BANGALORE : The general perception is that heart diseases are more common among men. But according to a recent study by Saffolalife, 67 per cent of Indian women aged above 35 are at risk of contracting cardio-vascular diseases.
The study was conducted in four major cities —Bangalore, Mumbai, Delhi and Kolkata — and the responses of 624 participants were analysed by IMRB (Indian Market Research Bureau) International. The study also found that the risk has increased in the last three years.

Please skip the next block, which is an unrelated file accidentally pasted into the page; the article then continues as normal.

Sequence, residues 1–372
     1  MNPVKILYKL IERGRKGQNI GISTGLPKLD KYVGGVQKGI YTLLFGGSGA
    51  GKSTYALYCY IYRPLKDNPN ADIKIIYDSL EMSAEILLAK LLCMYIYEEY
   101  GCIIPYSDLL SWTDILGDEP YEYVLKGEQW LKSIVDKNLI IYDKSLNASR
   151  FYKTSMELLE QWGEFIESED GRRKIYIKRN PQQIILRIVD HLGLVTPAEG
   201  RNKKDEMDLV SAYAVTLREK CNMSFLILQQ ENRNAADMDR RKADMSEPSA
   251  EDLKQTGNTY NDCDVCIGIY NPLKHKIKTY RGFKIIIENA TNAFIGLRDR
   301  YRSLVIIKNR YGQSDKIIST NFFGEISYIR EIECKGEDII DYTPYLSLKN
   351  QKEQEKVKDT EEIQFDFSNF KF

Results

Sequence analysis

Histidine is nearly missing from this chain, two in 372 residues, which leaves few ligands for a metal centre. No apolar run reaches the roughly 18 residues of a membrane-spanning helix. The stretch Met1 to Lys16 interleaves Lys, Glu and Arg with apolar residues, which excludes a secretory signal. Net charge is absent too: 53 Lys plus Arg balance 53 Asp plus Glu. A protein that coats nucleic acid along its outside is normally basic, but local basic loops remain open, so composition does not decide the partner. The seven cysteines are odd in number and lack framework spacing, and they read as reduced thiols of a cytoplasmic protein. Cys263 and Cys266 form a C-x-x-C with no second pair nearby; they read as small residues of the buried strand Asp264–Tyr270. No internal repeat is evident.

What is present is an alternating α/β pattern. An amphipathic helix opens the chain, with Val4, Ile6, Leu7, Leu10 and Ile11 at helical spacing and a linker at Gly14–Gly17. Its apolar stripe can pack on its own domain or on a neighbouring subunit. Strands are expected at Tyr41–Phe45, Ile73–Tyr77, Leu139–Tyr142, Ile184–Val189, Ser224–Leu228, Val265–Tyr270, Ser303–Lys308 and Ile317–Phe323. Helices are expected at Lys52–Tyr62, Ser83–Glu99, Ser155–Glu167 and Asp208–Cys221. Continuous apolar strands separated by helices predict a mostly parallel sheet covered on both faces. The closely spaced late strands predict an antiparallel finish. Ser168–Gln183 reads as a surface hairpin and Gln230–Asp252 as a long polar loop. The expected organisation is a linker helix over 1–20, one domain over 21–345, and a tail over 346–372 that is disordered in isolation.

Dr B G Muralidhara, interventional cardiologist and chief of Cardiology, Trinity Hospital and Heart Foundation, says cardio-vascular diseases in women are usually because of low HDL/good cholestrol and high body mass index. Smoking, diabetes and high BP are the other reasons.
He adds that sedentary lifestyles, stressful work conditions and compromised diets too increase the risk. “It is alarming that those aged 35-44, who are most at risk of cardio-vascular disease, include both housewives and working women,” he says.
Dr Priyanka Rohatgi, chief dietitian, Apollo Hospitals, says, “High intake of saturated fat, sugar and salt, rising stress levels, smoking and physical inactivity are some of the main reasons for the deterioration of heart health among women.”